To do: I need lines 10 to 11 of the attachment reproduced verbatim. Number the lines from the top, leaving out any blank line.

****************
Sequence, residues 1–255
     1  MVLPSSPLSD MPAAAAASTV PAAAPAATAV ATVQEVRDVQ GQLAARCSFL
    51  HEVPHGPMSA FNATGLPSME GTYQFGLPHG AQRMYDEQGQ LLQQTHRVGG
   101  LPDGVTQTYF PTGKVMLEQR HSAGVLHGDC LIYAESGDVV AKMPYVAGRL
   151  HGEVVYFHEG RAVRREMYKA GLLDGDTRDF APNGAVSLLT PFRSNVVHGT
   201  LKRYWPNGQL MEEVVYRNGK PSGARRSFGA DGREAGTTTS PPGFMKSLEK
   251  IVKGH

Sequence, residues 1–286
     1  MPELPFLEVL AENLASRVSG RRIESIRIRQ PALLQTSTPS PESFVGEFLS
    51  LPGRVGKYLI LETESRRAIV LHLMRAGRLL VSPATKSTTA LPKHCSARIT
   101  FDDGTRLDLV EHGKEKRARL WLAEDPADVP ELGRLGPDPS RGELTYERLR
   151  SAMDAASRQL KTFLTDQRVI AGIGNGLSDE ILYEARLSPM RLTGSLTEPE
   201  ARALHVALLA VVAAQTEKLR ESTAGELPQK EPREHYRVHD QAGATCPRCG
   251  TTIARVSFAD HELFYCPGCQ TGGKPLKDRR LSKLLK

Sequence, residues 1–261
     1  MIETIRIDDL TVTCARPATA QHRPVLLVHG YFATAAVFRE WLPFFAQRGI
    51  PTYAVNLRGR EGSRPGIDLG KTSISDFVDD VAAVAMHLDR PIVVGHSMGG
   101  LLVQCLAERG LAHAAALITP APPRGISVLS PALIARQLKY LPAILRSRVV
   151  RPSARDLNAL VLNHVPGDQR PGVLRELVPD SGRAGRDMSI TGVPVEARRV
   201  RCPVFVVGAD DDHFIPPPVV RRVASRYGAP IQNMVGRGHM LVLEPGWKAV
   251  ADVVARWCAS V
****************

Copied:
    51  LPGRVGKYLI LETESRRAIV LHLMRAGRLL VSPATKSTTA LPKHCSARIT
   101  FDDGTRLDLV EHGKEKRARL WLAEDPADVP ELGRLGPDPS RGELTYERLR